13. Hengist

    It’s the Enclosure Acts all over again. Im on about 23k and can never buy property because at 47 years old I couldnt borrow enough to get on the bottom rung. But much younger people are finding it impossible to buy property too. Now if we live in an economic system that shuts out hard working people from buying land why should we recognise the concept of land ownership at all? Trace the ownership of any piece of land far enough back and it’s only fallen into private ownership because somebody at some time ‘claimed’ it as their own. Now, land claimed centuries ago is in the hands of faceless multinationals. Not unlike our ‘democratic’ system .

  14. Stephen Baker

    The city get's sold from under you and it's privatisation curtails your democratic rights. http://t.co/vYj14yQI

  15. Stephen Baker

    The city gets sold from under you and it's privatisation curtails your democratic rights. http://t.co/vYj14yQI

  16. Lesley Farrington

    The privatisation of public space is harming our right to protest, writes @alexhern: http://t.co/u3tjFSA9 #occupyLondon

  17. DPAC

    The privatisation of public space is harming our right to protest, writes @alexhern: http://t.co/u3tjFSA9 #occupyLondon

  18. Karen Adshead

    The privatisation of public space is harming our ability to protest: Alex Hern argues that the creeping privatis… http://t.co/SOleq7CH

  19. Steven Keevil

    The privatisation of public space is harming our right to protest, writes @alexhern: http://t.co/u3tjFSA9 #occupyLondon

  20. nicola branch

    The privatisation of public space is harming our right to protest, writes @alexhern: http://t.co/u3tjFSA9 #occupyLondon

  21. chris paling

    The privatisation of public space is harming our right to protest, writes @alexhern: http://t.co/u3tjFSA9 #occupyLondon

  22. chantal chegrinec

    The privatisation of public space is harming our right to protest, writes @alexhern: http://t.co/u3tjFSA9 #occupyLondon

  23. Karen Adshead

    The privatisation of public space is harming our right to protest, writes @alexhern: http://t.co/u3tjFSA9 #occupyLondon

  24. Geoffrey Pearson

    The privatisation of public space is harming our right to protest, writes @alexhern: http://t.co/u3tjFSA9 #occupyLondon

  25. Lee McIvor

    The privatisation of public space is harming our right to protest, writes @alexhern: http://t.co/u3tjFSA9 #occupyLondon

  26. Phlossy

    RT @leftfootfwd: The privatisation of public space is harming our ability to protest http://t.co/oGAM0am1

  27. Mark Cantrell

    The privatisation of public space is harming our right to protest, writes @alexhern: http://t.co/u3tjFSA9 #occupyLondon

  28. Alex Braithwaite

    RT @leftfootfwd: The privatisation of public space is harming our ability to protest http://t.co/Q4uO3Z9s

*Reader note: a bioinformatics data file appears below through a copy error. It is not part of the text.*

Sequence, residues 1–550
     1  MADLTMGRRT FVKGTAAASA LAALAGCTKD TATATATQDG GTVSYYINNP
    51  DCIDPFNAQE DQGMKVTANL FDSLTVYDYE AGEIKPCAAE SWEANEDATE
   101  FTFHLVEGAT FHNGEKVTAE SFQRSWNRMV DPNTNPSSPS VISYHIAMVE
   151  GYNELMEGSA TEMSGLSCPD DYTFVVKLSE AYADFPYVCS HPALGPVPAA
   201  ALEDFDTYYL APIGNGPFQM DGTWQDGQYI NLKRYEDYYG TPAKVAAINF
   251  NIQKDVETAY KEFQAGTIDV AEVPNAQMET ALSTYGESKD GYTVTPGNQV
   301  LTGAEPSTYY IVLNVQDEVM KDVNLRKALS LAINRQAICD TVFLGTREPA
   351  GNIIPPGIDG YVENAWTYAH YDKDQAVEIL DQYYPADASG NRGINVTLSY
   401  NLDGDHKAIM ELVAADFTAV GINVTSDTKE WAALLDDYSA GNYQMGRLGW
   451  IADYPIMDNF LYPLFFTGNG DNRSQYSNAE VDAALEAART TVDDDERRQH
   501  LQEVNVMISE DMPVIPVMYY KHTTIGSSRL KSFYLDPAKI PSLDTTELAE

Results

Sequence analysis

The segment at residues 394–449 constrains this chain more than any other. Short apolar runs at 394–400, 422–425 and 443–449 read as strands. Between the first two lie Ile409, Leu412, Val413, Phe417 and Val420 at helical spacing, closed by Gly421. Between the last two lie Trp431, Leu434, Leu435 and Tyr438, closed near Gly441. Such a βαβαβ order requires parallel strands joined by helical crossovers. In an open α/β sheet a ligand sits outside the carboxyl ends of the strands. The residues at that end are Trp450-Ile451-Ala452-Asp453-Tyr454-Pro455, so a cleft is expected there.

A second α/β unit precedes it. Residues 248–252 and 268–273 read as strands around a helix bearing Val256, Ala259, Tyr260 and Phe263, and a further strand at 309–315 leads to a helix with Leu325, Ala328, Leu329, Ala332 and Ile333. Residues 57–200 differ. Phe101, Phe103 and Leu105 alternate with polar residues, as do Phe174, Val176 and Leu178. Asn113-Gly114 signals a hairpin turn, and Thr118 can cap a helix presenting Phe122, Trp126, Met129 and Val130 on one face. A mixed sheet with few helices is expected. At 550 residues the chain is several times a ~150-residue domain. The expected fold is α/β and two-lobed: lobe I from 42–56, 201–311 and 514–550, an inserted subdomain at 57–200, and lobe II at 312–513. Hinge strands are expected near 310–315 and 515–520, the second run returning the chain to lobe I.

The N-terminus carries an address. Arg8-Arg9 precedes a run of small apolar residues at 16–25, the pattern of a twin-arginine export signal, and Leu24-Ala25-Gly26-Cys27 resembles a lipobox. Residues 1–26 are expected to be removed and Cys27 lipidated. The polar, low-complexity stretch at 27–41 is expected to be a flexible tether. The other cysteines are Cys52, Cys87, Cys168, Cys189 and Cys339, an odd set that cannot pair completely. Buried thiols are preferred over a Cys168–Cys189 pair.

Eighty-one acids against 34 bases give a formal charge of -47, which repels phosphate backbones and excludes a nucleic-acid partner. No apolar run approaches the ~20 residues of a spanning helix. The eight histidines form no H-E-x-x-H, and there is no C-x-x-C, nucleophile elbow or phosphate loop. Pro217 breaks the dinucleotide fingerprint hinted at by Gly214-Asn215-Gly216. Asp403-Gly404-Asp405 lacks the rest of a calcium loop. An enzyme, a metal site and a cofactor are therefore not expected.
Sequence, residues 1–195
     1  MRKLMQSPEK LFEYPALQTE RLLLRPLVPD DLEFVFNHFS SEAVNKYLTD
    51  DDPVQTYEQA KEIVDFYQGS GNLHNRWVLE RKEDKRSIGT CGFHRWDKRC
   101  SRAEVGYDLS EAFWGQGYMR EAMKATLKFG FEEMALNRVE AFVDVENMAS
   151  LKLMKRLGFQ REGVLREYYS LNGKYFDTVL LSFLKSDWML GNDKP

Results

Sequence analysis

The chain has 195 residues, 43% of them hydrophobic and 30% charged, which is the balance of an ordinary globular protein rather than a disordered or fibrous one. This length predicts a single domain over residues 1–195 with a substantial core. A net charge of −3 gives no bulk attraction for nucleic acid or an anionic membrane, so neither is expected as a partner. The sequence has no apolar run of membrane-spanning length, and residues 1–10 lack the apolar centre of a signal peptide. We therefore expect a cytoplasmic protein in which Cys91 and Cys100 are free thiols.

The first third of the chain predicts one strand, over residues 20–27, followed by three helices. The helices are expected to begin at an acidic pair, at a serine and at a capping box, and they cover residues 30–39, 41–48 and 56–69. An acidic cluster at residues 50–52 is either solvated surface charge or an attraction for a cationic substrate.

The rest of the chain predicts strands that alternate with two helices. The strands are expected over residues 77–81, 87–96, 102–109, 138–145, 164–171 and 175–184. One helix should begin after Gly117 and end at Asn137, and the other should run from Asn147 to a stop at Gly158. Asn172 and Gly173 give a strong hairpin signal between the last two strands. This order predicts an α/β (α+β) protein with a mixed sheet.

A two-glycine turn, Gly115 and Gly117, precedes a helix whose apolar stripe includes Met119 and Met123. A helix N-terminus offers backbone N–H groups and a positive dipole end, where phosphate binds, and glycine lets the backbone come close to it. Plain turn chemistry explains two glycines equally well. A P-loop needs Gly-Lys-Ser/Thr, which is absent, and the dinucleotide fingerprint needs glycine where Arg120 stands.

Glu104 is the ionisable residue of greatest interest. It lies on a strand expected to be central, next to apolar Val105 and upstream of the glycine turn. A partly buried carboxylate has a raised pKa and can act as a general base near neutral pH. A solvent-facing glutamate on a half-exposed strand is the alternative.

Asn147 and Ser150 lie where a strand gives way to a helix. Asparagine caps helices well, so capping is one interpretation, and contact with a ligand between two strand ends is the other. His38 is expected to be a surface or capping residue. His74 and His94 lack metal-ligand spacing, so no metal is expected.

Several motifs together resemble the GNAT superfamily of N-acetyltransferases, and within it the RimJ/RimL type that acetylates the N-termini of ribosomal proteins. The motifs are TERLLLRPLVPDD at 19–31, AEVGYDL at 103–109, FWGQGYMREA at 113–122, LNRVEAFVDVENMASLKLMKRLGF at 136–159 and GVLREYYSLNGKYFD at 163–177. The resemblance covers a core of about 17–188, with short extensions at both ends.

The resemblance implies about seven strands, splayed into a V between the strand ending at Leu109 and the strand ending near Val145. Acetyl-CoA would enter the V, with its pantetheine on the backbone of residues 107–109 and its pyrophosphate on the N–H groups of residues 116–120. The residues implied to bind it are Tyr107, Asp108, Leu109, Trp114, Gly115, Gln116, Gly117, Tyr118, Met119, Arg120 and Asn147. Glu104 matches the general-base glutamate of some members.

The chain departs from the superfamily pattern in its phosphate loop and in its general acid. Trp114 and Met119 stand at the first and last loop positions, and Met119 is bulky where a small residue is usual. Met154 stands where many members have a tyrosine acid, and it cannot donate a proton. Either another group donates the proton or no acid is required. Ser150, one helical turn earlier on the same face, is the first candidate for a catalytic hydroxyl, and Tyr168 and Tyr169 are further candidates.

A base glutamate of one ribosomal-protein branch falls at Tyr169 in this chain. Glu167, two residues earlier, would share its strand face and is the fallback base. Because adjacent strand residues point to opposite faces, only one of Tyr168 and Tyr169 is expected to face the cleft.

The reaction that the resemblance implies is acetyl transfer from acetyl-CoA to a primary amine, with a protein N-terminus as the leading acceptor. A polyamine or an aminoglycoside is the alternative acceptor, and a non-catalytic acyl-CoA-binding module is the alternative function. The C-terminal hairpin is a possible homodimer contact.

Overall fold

29. Protestwatch.org.uk

    #Protest The privatisation of public space is harming our ability to protest: Although this would hardly have re… http://t.co/XMAn1n9s

  30. sandratowers59

    RT @leftfootfwd: The privatisation of public space is harming our ability to protest http://t.co/2z2b5cbc

  31. Alex Hern

    New: http://t.co/tlhvkxpA The privatisation of public space is harming our right to protest #occupyLondon.

  32. Rob the crip

    St Paul’s nice to know the Church thinks more of it’s land and the law then it does of people, money makes the world go around. Religion is a business

  33. Andrew Martin

    The privatisation of public space is harming our right to protest, writes @alexhern: http://t.co/u3tjFSA9 #occupyLondon

  34. Sara Penrhyn Jones

    The privatisation of public space is harming our right to protest, writes @alexhern: http://t.co/u3tjFSA9 #occupyLondon

  35. Angus F. Hewlett

    The privatisation of public space is harming our right to protest, writes @alexhern: http://t.co/u3tjFSA9 #occupyLondon

  36. Jay Ell

    The privatisation of public space is harming our right to protest, writes @alexhern: http://t.co/u3tjFSA9 #occupyLondon

  37. AndyD

    The privatisation of public space is harming our ability to protest – interesting background to #OccupyLSX http://t.co/LCrZchZ0

  38. paul barker

    The central point about Occupy LSX is that it isnt a Protest in the usual sense, temporarily taking up “Public” Space to air a view. OLSX seek to take over Public Space indefinitely as a form of Blackmail.
    You Occupy, We are Excluded & THEY are forced to make concessions. Its not Democracy just The Middle Class version of Hooliganism.

  39. Andy Howell

    The privatisation of public space is harming our ability to protest http://t.co/X879QFic via @zite

  40. Ed's Talking Balls

    Thank goodness for property law. There is no reason why an owner of land should have to tolerate feckless oafs littering their land.

    It’s a shame that Paternoster Square has had to be closed, but I don’t blame the owners of the land. They’ve had to take these precautions, inconveniencing those who work nearby, because of the protesters.

  41. Claire

    RT @leftfootfwd: The privatisation of public space is harming our ability to protest http://t.co/MSl3ojIH

  42. David Star

    The privatisation of public space is harming our right to protest, writes @alexhern: http://t.co/u3tjFSA9 #occupyLondon

  43. chris star

    The privatisation of public space is harming our ability to protest..
    http://t.co/eEh6tesx
    #Occupylsx

  44. Gordon Elcock

    The privatisation of public space is harming our ability to protest..
    http://t.co/eEh6tesx
    #Occupylsx

  45. Noxi

    RT @leftfootfwd: The privatisation of public space is harming our right to protest, writes @alexhern: http://t.co/hgW2eXGV #occupyLondon

  46. Noxi

    RT @leftfootfwd: The privatisation of public space is harming our right to protest, writes @alexhern: http://t.co/flfW2bdp #occupyLondon

  47. ALEX GILBERT

    The privatisation of public space is harming our right to protest, writes @alexhern: http://t.co/u3tjFSA9 #occupyLondon

  48. gracie

    They say “the Lord works in mysterious ways”, perhaps the demonstration is in the correct place after all? If it wasn’t for the demo then we probably not be discovering what has been going on in the name of the Church? I am absolutely astonished that people are being charged to enter one of our churches, it is a national disgrace.

  49. Pucci D

    The privatisation of public space is harming our right to protest, writes @alexhern: http://t.co/u3tjFSA9 #occupyLondon

  50. Kamo

    This article is nonsense, there are plenty of places for people to protest, problem is the Occupy camp isn’t actually a protest, it’s a bunch of people with nothing better to do and no coherent message setting up a swampy camp to the detriment and exclusion of everyone else who wants to use that space. They’ve made their point, well actually they haven’t but that’s their problem not anybody else’s, and now they should move on and let others use that space again.